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May 21, 2018, 10:25 a.m.
Reporting & Production

Flush with spectrum-sale dollars, a Pennsylvania PBS station is doubling down on a different kind of local news

“Our goal is a newscast that is complementary to the commercial news”: Think important local issues, not car crashes and sports scores.

Hailed as a “once-in-a-lifetime” opportunity for local TV stations, the FCC’s spectrum auction last year drove billions of dollars to hundreds of broadcasters across the country. The windfall of cash came from wireless carriers seeking infrastructure for more powerful networks, and now the proceeds are landing in the stations’ bank accounts. So what are the local TV stations doing with a little extra coin?

While some are using it to pay off debt (important!), other stations are thinking outside-of-the-TV-box with new types of newscasts and new forms of journalism, new hires, and new infrastructure.

Yoni Greenbaum is seizing the opportunity at PBS39/WLVT in Pennsylvania’s Lehigh Valley (90 minutes’ drive from Philadelphia) to hire 10 reporters and two editors onto its existing staff of 42 (that includes marketing, membership, production, etc). Starting in September, that team will create a weekday newscast focused on local issues and solutions — not car crashes or thunderstorms — with the potential to reach 12.4 million households from Staten Island to Harrisburg in a channel-sharing agreement.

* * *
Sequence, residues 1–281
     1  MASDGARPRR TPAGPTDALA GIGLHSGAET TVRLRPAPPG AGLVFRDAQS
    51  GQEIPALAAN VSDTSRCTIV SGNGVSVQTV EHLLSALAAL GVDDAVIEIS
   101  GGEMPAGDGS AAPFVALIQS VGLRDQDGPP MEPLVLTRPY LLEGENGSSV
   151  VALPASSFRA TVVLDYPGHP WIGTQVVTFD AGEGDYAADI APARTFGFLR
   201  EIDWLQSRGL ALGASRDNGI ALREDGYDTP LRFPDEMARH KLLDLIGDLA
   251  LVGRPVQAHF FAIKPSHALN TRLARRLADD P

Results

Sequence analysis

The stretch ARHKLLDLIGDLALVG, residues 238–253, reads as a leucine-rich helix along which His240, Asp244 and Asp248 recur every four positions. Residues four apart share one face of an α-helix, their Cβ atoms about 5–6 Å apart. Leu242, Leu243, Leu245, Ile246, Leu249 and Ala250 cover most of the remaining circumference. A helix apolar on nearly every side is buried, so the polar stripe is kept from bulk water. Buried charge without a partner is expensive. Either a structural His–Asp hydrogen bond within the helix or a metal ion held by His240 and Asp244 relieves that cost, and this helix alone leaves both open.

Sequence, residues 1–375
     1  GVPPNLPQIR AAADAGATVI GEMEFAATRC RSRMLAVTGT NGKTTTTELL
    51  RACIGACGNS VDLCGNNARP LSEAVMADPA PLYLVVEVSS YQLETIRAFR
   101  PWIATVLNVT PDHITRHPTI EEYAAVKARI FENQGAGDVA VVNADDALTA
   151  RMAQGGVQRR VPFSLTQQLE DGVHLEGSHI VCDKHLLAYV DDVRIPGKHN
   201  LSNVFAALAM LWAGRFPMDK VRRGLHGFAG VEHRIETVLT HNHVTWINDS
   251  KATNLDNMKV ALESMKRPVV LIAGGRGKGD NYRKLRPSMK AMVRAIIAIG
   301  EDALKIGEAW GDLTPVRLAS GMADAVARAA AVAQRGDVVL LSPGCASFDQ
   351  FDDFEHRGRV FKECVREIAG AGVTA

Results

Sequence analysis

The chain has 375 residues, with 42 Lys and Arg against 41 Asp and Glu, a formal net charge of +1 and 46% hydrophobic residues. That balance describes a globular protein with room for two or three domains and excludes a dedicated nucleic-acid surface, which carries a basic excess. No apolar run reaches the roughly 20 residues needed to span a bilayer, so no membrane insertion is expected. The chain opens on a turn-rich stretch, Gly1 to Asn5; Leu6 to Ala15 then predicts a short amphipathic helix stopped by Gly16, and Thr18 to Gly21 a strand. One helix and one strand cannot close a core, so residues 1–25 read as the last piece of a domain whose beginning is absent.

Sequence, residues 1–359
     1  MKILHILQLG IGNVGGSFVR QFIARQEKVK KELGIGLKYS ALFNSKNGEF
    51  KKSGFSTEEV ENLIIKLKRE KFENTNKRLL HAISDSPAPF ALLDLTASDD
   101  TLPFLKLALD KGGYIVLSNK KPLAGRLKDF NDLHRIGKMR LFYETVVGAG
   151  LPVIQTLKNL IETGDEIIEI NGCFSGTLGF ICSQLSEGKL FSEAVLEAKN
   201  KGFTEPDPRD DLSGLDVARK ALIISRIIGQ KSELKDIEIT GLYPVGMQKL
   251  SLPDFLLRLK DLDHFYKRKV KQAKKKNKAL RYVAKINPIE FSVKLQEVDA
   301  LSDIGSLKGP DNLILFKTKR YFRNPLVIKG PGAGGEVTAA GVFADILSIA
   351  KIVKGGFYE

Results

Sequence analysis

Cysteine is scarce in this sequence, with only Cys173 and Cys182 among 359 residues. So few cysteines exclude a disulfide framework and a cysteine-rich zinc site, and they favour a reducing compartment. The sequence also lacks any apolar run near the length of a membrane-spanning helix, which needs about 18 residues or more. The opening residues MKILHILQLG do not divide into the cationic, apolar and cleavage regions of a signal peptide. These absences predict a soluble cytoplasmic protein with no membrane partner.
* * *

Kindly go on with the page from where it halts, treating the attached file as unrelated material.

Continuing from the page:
“Our goal is a newscast that is complementary to the commercial news. We’re not going to do the weather, traffic, crime, and sports scores, but rather take more of a solutions-process-accountability journalism approach,” Greenbaum, PBS39’s chief content officer, told me. “We’re really looking for the ‘why’ in the story and going to the second-day story.”

For example, instead of rattling off which school districts are closed in a snowstorm, he said, the newscast would focus on the issues created when the schools are closed, like how many kids won’t be able to receive government-subsidized meals. The 30-minute show will not have an anchor or the typical quick pace of commercial TV news: Stories will typically range from three to six minutes.

The endeavor, dubbed the PBS39 Reporter Corps, also signals a new step for the station’s community engagement. The 10 new reporters will be required to live in the counties they personally cover (the station’s core coverage area spans 10 counties). It’s likely they won’t be residents of the area already, so two weeks are blocked out of Greenbaum’s show development schedule for reporters to knock on doors in the neighborhoods, go to Little League games, host meet-and-greets, and generally get to know the community.

“I keep getting asked how we will measure success,” Greenbaum said. “On a deeper level, this is about engagement: How many people are journalists interacting with on a regular basis? How many real people are we getting into our larger newscast? Are we reflecting the communities we cover?”